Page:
Can classical recordings catch up with the digital revolution?

Posted on: May 20, 2016

“The digital revolution in the way we consume recorded music is roaring ahead,” writes Ivan Hewett in Friday’s (5/20) Telegraph (London). “And streaming is rapidly overtaking downloading as the preferred method of accessing music digitally, with revenues up 45 per cent last year. … so far at least, this revolution in the way we listen to music is being shaped by pop. Classical has barely got a look-in. In a way, this is no surprise: classical music makes up just 3.2 per cent of the streaming market, where the three-minute pop song reigns supreme.  … So how can classical music find its own home in this brave new digital world? … The biggest problem is that classical music doesn’t come in neat little packages called songs, each with a unique name. It’s bundled into genres, so many pieces have similar names like ‘string quartet’ or ‘sonata.’ … What’s more, many if not most pieces have been recorded multiple times, sometimes by the same artist. … Streaming sites are ill-equipped to deal with this complexity. Fortunately, however, there is light on the horizon. This week an exciting new classical music streaming service launches called It joins a burgeoning market of streaming services dedicated to classical music, including Arkiv Music ( and Classics Online HD*LL (”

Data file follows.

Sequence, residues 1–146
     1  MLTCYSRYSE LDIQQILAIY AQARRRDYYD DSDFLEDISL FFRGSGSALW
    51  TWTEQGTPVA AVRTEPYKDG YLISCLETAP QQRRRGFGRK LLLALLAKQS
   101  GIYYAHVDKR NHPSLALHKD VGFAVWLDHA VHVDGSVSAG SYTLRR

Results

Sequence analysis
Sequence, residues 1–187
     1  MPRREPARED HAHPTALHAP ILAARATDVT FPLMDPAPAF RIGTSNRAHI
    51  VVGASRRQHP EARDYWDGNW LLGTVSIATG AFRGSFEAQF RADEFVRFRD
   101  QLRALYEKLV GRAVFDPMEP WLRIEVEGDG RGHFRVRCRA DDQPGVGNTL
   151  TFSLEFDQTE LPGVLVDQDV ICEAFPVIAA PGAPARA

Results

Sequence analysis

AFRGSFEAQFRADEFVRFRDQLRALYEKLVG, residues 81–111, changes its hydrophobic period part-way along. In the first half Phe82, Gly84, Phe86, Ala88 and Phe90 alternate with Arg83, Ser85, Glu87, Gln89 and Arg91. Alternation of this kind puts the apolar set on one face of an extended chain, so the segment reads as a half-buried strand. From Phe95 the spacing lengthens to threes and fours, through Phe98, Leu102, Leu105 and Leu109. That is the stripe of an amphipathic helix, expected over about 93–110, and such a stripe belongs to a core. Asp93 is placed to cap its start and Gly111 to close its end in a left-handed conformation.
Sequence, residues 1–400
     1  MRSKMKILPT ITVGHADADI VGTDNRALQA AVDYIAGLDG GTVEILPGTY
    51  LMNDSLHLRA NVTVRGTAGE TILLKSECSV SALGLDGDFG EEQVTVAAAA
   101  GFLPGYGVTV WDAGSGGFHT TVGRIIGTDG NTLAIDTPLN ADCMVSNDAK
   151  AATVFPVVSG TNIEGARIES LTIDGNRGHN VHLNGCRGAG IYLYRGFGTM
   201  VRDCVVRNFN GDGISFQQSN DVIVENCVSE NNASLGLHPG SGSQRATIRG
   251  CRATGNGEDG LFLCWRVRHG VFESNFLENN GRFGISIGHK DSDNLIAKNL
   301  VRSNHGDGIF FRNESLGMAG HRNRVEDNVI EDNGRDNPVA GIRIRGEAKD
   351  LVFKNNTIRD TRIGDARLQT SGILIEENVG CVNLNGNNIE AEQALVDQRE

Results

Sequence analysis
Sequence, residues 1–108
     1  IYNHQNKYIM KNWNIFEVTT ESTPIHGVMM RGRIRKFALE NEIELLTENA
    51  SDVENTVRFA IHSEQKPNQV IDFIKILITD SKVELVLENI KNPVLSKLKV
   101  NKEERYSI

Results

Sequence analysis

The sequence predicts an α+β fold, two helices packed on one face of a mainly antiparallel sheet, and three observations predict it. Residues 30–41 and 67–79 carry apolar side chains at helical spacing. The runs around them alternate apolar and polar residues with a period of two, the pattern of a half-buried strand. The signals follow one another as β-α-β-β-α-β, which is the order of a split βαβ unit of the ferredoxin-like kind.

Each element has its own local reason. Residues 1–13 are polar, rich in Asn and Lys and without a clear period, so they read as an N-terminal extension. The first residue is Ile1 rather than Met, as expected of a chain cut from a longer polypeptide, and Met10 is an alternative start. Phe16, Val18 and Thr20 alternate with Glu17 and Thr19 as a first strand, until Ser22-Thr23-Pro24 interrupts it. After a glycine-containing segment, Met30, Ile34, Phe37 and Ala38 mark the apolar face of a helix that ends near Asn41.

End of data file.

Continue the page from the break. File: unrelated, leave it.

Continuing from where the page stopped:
Posted May 20, 2016